- Karnataka Speaker free to decide on status of rebel lawmakers
- Lawmakers not be compelled to participate in assembly: Top court
- "We have to maintain constitutional balance", says Supreme Court
The Karnataka Speaker is free to decide on the status of rebel lawmakers whose resignations endanger the ruling Congress-Janata Dal Secular coalition, the Supreme Court said today.
"The discretion of the Speaker should not be fettered by any direction from the court. The Speaker can decide on the resignations as and when he feels appropriate," the top court said, but added that his decision should be submitted to the court.
The court also said the rebel lawmakers should not be compelled to participate in the proceedings of the state assembly. This means the government cannot use whips to force the dissident lawmakers to participate in the trust vote on Thursday.
The court said: "We have to maintain constitutional balance."
The rebels had argued in court yesterday that their resignations must be accepted by the Speaker, that they could not be "forced to attend the assembly".
"The Supreme Court has put extra burden on me. I will conduct myself responsibly in accordance with Constitutional principle," Speaker KR Ramesh Kumar said soon after the top court pronounced its order on the issue that has pushed the state into political turmoil.
"It is a victory of the Constitution and democracy, a moral victory for the rebel MLAs. It is an interim order and in future the Supreme Court will ponder over the powers of the Speaker and set a new trend in parliamentary democracy," said Karnataka BJP chief BS Yeddyurappa.
Sixteen legislators of the JDS-Congress coalition have resigned over the past two weeks; two independent lawmakers quit as ministers and withdrew support to the ruling coalition.
If the resignations are accepted, the state government will lose its majority. The coalition's 118 members will come down to 100 and the majority mark will drop from 113 to 105. The BJP has 105 members and the support of the two independents, which would take its tally to 107.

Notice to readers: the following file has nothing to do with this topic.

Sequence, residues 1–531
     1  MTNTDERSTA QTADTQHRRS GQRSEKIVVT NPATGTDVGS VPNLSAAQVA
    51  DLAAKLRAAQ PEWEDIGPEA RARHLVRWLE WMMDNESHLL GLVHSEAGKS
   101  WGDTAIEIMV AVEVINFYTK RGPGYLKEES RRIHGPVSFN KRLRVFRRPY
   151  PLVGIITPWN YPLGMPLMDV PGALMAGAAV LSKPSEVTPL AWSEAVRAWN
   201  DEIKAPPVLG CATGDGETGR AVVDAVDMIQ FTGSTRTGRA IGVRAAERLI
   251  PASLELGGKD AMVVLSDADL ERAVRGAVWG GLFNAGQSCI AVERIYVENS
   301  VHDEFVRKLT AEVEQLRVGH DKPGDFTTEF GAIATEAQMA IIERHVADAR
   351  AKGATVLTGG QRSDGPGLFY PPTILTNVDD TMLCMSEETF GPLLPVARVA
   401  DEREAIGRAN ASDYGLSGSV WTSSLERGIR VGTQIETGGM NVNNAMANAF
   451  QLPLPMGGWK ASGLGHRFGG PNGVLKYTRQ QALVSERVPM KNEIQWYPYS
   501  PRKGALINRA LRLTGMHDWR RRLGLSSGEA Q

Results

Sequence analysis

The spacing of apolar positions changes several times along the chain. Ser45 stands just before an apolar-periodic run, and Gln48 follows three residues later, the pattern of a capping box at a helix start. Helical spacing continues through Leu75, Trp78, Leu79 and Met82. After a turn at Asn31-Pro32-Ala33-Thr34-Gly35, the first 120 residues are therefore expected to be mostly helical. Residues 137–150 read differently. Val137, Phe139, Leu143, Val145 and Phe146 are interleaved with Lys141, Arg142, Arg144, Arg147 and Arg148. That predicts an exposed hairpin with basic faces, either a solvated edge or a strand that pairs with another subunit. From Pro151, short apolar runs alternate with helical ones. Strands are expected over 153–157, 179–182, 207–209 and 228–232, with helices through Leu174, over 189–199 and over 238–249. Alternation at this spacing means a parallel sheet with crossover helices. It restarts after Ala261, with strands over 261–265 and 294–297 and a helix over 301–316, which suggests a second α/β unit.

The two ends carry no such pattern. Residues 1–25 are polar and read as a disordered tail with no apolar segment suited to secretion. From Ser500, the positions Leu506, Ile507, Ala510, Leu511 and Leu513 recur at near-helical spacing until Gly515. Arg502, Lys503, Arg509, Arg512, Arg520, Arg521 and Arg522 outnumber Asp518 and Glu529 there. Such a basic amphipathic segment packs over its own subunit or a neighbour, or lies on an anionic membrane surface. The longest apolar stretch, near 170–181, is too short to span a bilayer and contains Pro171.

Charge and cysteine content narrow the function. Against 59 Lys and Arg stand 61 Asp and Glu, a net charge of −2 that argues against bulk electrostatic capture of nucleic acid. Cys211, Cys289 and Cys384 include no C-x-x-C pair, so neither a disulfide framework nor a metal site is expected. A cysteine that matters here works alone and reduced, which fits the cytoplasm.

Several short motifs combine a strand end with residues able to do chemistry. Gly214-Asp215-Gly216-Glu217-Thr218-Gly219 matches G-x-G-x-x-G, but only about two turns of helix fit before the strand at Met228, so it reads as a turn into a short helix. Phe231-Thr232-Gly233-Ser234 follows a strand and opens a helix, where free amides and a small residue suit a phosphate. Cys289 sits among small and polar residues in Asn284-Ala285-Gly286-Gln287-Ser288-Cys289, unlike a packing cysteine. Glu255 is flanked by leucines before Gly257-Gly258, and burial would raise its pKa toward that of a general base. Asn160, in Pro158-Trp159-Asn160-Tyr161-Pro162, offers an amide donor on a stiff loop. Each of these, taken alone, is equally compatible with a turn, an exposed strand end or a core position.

Ramesh Kumar had told the court that many of the dissidents were facing disqualification and he needed time to examine their resignation letters. He had also said he had to determine whether the resignations were coerced.
If the lawmakers are disqualified, they must be re-elected and can't become ministers. A resignation, on the other hand, allows lawmakers to become ministers easily if the BJP comes to power. They will have six months to seek re-election.
The rebels, who have been staying in a hotel in Mumbai after resigning on July 6, had gone to the Supreme Court accusing the Speaker of sitting on their resignations to buy time for the shaky coalition.
Karnataka Chief Minister HD Kumaraswamy had backed the Speaker, arguing that rebel lawmakers were "hunting in pack" to destabilize his government and their resignations must be reviewed carefully.
"Every MLA who went to Mumbai wants to be a minister. It is a pack of 10 MLAs. It isn't about the Speaker vs the Court but the Chief Minister vs somebody who wants to become Chief Minister," said senior lawyer Rajeev Dhavan, representing the Chief Minister.
Stating that no one held a gun to their head, the rebels had retorted in court, "This government is in a minority and that's simple math."
Mr Kumaraswamy's move to seek a floor test tomorrow is seen as a last-ditch attempt to save the teetering coalition that came to power last May after an election that gave no clear majority to any party.
Congress troubleshooter DK Shivakumar and other coalition leaders have been frantically trying to win back the rebels in Mumbai.
The BJP says the coalition government must resign because it has "lost its moral authority to rule." The party has been accused by the Congress and the JDS of crafting the crisis to try and seize power in Karnataka, more than a year after it fell short of a majority in state polls.
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